Draft:EFRT 459 Professional Educator - Reineke

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About This Article

This article describes how mobile computing, specifically tablets, was piloted in Dr. Jim Reineke's EFRT 459 - Professional Educator to transform teaching and learning.

Intended Audience

WSU instructors interested in past faculty experience with tablet devices in the classroom.

Fall 2012 iPad Pilot

All students in this course receive iPad 2 tablets to use throughout the fall semester along with several apps selected by Dr. Reineke for use in class and in the field.

How the iPads are Used in EFRT 459

In EFRT 459, students research the educational system. Traditionally, this has meant trips to the library to gather information for the paper. With the addition of the iPad, Professor Reineke augmented this research by sending his students into the field to interview, record, and analyze input from key members of academia. Interviews were organized, recorded, and analyzed on the iPads.

Dr. Reineke used the iPads to accomplish several key objectives of the course that would be difficult or impossible utilizing only traditional educational methods. The iPads and their associated applications enabled Dr. Reineke to:

  • Increase student engagement. By publishing materials through LectureTools, students have access to the materials from their iPads and the LectureTools application. Students can preview the materials, add their own notes to the slides, and store their annotated materials for future review.
  • Create new educational materials. Doceri allows Dr. Reineke to use the iPad to annotate directly over the top of anything on his computer as it is projected. These annotated materials can be saved, uploaded into D2L, and be made available to the students for download.
  • Promote new styles of research. In previous terms, Dr. Reineke required students to complete an extensive education-based research paper using materials from the library. With the iPads, the students now interview teachers, administrators, school board members, and community members as additional research. The iPad is used to record the interview, annotate notes directly over the audio, and organize interview data for analysis in the research process.
  • Introduce the students to the community. Added benefits of the students using the iPads to interview members of the community include meeting people in education, learning first hand how education and the community function, and building communication skills.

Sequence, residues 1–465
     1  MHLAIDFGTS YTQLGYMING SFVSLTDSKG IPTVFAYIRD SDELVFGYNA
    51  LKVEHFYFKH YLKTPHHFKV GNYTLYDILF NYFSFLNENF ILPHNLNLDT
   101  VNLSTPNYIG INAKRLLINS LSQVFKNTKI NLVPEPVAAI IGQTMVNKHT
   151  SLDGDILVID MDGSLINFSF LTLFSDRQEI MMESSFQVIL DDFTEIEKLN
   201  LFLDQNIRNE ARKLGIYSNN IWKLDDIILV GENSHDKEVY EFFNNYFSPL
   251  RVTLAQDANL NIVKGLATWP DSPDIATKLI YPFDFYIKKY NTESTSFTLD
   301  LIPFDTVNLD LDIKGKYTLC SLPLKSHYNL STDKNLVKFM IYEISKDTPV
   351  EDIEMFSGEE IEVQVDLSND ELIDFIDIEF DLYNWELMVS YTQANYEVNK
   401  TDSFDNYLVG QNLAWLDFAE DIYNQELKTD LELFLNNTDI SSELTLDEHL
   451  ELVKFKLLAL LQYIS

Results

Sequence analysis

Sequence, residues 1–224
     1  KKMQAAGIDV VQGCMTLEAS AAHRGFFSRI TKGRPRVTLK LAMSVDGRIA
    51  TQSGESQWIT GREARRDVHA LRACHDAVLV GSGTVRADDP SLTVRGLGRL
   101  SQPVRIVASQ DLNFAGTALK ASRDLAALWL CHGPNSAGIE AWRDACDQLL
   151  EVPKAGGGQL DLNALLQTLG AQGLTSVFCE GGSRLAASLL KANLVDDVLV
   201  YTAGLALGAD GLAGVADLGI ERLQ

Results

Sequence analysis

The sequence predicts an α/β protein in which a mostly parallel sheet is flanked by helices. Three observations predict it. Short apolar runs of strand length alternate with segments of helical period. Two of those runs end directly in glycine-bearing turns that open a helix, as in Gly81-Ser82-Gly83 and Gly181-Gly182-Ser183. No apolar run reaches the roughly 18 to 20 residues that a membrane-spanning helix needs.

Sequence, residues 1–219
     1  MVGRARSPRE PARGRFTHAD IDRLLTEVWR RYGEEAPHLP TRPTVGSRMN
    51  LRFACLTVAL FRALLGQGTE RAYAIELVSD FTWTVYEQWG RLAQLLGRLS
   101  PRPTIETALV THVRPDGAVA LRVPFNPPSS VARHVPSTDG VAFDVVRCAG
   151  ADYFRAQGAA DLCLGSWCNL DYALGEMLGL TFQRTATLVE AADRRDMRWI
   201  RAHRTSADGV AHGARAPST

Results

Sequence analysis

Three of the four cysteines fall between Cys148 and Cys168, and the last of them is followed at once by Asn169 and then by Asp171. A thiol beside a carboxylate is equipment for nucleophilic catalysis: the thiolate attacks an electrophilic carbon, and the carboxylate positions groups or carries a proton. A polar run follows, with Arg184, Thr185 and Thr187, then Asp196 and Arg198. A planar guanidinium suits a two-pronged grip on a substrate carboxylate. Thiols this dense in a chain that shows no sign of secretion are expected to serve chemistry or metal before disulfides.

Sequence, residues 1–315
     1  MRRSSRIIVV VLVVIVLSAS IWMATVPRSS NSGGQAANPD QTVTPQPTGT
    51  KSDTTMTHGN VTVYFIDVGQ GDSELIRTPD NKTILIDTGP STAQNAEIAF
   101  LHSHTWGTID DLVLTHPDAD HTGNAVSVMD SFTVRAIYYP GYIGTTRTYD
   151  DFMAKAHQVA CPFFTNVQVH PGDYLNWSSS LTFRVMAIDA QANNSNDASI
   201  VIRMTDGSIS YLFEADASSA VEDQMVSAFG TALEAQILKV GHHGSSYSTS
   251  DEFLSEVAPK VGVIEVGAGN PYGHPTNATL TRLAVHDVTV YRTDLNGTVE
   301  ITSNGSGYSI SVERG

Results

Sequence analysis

• Collect student feedback and reaction. At the end of each class meeting, Socrative is used to poll the students for their feedback, how the class meeting went, any points that need more explanation, and general reaction to the proceedings.


Changes in the classroom

  • Increased engagement. Because students were able to connect more easily with each other, research by interviewing professionals in the field instead of just reading in the library, and provide immediate questions and feedback to their professor, they felt more engaged in the educational process.
  • Understanding of local educational system. Previously, research for papers in EFRT 459 was done through traditional resources like the library. Using recording, audio-editing, and note-taking applications on the iPads provided the students the opportunity to perform research in the field, talking to seated professionals in the region. This caused a deeper understanding of the educational field and the workings of local districts.


  • Professor Reineke proposed continuation of the fall pilot into the spring term. Additionally, he began to research using iPads as remote links into the classroom, hoping to broadcast class meetings to his pupils that are student teaching in the field.

Changes Made in Follow-Up Pilots - Spring 2013 & Fall 2013

Dr. Reineke has rerun the pilot several times in EFRT 459. Changes he has made in subsequent iterations of the pilot include:

  • Moving from LectureTools to Nearpod: There were trade-offs in the lecture platform. LectureTools supported note-taking directly within the presentation and Nearpod allowed the instructor to control the displays on the student iPads. Both supported audience polling so Socrative was no longer needed.
  • Moving from Interview Assistant Pro to Highlights by Cohdoo: The students preferred Highlights as it retained the interview in a single stream (Interview Assistant broke up the interview based on the questions) and supported the insertion of notes directly into the interview recording.
  • Introducing concept mapping: EFRT 459 tried both Inspiration and SimpleMind+ for concept mapping. The students preferred SimpleMind+ as a tool but Inspiration is supported on the laptops making it a viable option.
  • Using teleconferencing for student check-in: Adobe Connect, Jabber, and Skype were all used as means for students to check in with the instructor while they were in the field. While the concept is desirable, it was found these that applications were a little too glitchy to support it at this time.

The students truly enjoyed this pilot. They took their iPads with them to other classes for recording lectures and taking notes. The students did not want to turn in the tablets when the pilot ended at the end of the term.

iPad Applications Employed in EFRT 459

Professor Reineke used the following applications in his EFRT 459 iPad pilot:

  • Adobe Connect
  • Doceri
  • Highlight by Cohdoo
  • Interview Assistant Pro
  • Jabber
  • Lecture Tools
  • Nearpod
  • Simple Mind
  • Skype
  • Socrative

Descriptions, pricing, and links to iTunes for each of these applications is available on the iPad Pilot Applications page.

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